Larry King recently stated on Tim Ferris’ Podcast that by the time an athlete’s career is over (approximately at age 30) they will have gone through as many failures and successes as you will have in your entire career. I have experienced this through my career as a professional extreme skier. So how do athletes mentally handle the intense emotional roller-coaster? Athletes not only have tremendous physical strength, they also have resilience and mental strength. One factor that makes them so mentally strong is how they handle criticism.

Taking Criticism

Athletes receive criticism day in and day out.  I don’t mean from the haters on Twitter, but rather from those who are closest to them, such as their coach. This could easily get anyone down, but it doesn’t seem to faze athletes.  A coach is there to analyse athlete performance and identify areas that can be improved upon. Yes, with every run I skied came a high five and “well done” but they also came with an endless list of things to work on such as: “your take off was too slow”, “you dropped your shoulder on your landing”, and “why the hell did you choose to ski that line?” Every chair ride back up the mountain was spent being told what I did wrong and how to improve.

Analysing our line choice after skiing Santa Terra, Chile.

After each Freeride competition there is an opportunity to ask the judges for feedback.  They will honestly and openly tell you where you went wrong.  They don’t do this to be malicious they do it because they want you to improve.  They want the sport to improve.  I remember one particular competition there was a new girl on the tour who didn’t place very well in the competition.  She was getting some tough truths from the judges after the award ceremony.  She was in tears.  But sure enough there she was at the next competition skiing harder and better than before.  It was obvious the criticism and disappointment had upset her in the moment but she was back displaying she had worked on what needed improving.  In every sport, every competition or match is analysed and criticised.

Judges at the Freeride World Tour watch and take notes on the athletes line choice and skiing technique

Think of a Premier football match.  The boys don’t get to go home and relax, they have a debriefing in the locker room on what went wrong and the next day they are back at training analysing the footage from the day before.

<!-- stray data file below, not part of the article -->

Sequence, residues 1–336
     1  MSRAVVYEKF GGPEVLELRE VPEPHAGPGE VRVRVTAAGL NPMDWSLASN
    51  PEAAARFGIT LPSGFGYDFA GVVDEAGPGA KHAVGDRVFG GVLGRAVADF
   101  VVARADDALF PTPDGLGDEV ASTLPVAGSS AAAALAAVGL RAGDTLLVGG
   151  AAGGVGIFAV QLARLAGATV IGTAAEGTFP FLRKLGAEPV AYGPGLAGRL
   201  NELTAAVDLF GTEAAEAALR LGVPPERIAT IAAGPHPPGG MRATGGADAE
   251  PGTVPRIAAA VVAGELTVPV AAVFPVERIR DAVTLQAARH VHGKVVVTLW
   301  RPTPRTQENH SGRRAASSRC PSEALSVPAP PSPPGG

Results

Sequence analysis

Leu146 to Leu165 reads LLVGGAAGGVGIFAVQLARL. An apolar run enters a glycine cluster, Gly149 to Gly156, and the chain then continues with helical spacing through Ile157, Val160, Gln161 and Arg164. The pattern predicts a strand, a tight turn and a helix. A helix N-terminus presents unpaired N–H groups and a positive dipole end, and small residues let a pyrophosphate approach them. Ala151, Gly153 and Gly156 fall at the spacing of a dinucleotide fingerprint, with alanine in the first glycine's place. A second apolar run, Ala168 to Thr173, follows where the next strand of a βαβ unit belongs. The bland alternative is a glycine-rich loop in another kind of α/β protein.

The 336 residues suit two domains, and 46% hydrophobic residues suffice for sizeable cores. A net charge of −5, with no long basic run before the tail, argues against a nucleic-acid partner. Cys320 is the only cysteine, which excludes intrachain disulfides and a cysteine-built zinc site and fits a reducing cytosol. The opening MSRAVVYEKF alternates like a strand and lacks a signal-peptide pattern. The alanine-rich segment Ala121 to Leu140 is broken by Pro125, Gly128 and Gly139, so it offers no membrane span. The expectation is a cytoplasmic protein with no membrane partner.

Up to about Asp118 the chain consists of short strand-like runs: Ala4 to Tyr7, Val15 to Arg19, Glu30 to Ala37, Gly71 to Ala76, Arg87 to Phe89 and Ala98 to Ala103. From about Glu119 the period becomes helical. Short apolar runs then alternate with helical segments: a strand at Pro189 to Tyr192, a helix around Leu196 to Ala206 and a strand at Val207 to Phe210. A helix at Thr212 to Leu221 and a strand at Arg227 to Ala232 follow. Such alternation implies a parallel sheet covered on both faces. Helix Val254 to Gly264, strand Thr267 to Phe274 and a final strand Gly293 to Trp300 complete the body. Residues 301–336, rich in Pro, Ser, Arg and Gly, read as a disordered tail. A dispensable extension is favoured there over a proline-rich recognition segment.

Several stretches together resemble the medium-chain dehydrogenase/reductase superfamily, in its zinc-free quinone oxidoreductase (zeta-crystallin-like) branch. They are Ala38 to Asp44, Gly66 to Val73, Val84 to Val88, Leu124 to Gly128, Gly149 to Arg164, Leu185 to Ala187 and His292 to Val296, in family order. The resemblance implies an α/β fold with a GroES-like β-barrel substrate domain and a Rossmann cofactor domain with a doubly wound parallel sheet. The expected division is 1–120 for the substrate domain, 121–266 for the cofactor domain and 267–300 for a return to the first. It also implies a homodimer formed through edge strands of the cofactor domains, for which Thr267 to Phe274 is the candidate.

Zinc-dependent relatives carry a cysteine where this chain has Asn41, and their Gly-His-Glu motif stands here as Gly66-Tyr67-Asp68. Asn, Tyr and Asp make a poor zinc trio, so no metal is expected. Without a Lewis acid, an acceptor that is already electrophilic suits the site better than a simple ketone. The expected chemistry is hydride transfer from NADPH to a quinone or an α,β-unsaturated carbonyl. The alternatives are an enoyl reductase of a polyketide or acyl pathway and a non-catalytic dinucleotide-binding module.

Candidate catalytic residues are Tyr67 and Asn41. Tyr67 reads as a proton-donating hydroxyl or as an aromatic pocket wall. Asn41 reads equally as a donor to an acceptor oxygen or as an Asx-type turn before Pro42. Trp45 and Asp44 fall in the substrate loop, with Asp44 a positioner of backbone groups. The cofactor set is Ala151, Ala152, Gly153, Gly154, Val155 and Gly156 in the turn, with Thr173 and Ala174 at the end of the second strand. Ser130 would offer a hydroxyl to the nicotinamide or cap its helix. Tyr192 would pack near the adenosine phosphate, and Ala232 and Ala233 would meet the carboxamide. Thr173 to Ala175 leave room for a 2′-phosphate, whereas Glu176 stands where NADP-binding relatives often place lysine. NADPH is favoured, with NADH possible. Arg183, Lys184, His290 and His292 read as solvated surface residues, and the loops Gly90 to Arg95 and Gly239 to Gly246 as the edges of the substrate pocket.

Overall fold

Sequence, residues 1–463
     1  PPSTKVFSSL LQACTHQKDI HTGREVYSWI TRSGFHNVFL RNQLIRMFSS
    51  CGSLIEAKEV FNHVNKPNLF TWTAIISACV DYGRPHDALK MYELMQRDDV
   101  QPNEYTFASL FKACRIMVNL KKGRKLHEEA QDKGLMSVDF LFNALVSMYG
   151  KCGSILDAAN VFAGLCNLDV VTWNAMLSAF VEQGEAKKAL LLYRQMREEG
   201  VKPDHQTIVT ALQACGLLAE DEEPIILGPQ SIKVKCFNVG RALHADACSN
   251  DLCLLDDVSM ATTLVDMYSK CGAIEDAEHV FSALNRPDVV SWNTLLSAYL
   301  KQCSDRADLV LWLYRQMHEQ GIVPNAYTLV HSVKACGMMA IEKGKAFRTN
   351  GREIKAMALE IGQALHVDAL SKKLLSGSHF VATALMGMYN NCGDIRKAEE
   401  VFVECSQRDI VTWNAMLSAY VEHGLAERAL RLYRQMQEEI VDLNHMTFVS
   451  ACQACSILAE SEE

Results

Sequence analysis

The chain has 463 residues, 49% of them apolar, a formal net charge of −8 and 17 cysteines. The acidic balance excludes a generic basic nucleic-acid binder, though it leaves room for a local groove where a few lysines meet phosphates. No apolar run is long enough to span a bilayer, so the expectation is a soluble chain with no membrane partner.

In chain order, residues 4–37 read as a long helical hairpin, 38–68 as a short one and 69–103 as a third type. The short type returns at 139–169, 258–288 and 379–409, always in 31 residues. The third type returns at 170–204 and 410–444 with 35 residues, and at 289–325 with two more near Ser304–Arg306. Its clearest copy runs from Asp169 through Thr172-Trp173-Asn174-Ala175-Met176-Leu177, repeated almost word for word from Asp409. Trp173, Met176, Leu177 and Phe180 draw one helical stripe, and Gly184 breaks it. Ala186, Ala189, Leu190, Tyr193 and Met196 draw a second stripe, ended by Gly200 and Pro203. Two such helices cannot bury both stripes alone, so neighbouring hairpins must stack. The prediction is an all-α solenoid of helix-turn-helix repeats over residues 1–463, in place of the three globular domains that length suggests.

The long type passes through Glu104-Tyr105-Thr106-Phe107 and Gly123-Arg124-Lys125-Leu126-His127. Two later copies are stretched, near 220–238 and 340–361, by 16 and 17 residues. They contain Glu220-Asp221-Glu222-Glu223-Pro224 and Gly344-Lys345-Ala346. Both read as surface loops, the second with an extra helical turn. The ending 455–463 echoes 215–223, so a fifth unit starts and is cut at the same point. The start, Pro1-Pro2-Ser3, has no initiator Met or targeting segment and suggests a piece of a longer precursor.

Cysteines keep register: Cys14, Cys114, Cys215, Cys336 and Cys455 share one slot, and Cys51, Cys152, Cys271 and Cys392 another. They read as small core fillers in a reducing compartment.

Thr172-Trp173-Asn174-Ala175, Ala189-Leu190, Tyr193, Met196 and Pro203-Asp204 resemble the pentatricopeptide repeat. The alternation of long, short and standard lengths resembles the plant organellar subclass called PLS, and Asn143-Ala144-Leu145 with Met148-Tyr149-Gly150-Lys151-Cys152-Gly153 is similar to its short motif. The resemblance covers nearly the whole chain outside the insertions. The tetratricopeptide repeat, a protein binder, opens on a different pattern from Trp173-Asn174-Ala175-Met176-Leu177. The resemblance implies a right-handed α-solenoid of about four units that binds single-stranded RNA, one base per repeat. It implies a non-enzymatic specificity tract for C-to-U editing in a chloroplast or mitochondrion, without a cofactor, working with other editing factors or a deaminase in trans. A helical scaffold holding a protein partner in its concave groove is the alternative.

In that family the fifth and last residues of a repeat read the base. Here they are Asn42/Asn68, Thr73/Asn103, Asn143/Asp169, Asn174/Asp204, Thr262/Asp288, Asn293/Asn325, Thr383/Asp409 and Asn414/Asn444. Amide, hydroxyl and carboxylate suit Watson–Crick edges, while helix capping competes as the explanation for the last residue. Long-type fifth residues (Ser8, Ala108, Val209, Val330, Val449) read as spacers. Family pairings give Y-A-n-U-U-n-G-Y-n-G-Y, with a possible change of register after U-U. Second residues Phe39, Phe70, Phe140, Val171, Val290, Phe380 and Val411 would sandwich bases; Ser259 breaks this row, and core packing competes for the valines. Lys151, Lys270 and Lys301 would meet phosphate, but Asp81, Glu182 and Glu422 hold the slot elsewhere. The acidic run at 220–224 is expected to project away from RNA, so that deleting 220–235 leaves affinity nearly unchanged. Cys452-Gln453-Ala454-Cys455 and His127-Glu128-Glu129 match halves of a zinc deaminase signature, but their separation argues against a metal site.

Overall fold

Athletes can filter the productive criticism from the useless criticism.  They know who to take advice from.  A coach, at trainer, a physiotherapist, a sports psychologist are all qualified and highly regarded.  It is easy to listen to the voice of a professional.   An athlete will take no notice of someone criticising them who does not know what they are talking about.  And you should do the same!  Lets face it there are some bullies out there who just like to put us down, but why take any notice of them!?  Listen to those people in your profession you look up to; a manager, co-worker or even a competitor.

When we are working on a project in our professional roles and we are provided with feedback and constructive criticism, it is natural to feel defeated and downhearted sometimes – but this does not have to be the case at all! Your boss, co-workers, and team are all trying to help you improve so that you can grow, learn and continue to succeed in your career. I am grateful to every coach, teammate, manager, trainer, and friend who has told me where I’m going wrong and as a result I am constantly striving for improvement. Don’t let the criticisms get you down, embrace it.  As an athlete, I am so grateful for constructive criticism; without it I would feel frustrated and wonder why I was still not winning medals. I now look forward to receiving feedback as I know that by the end of the day I will be a better skier because of it.  I have to admit being criticised my brother, Rick, telling me to “stop being such a pussy” is the best form of criticism to make me ski harder! 😉



Steps to Accepting Criticism:

  1. Listen closely to what is being said.
  2. Don’t react in the moment.  It is easy to get defensive.  Especially when we have worked hard on something.  Acknowledge the emotion but don’t engage with it.
  3. Go away and think about what has been said.  Are these criticisms true. We don’t always want to believe that we made a mistake but sometimes we need to put our hand up and say “Yes, you are correct”.
  4. Chose one thing you would like to improve on.  I could be told 5 areas that I need to work on by a coach.  It is impossible to correct 5 things at once, we can only work on so much.  I would chose one thing I wanted to focus on for the next few ski runs.
  5. Communicate the area you are going to work on to your team.  They need validation that you heard what had been said to you and that you are going to focus on improving a particular area.  If there are other areas that need attention, communicate you will focus on them once this area has been perfected.  Communication is key otherwise managers will think feedback has fallen on deaf ears.
  6. Make a plan on how to improve this task/skill.  This could be asking for advice, reading material on your subject or simply being more aware moving forward.
  7. As you begin to improve your skill level it will become second nature to you and before you know it this area is perfected 🙂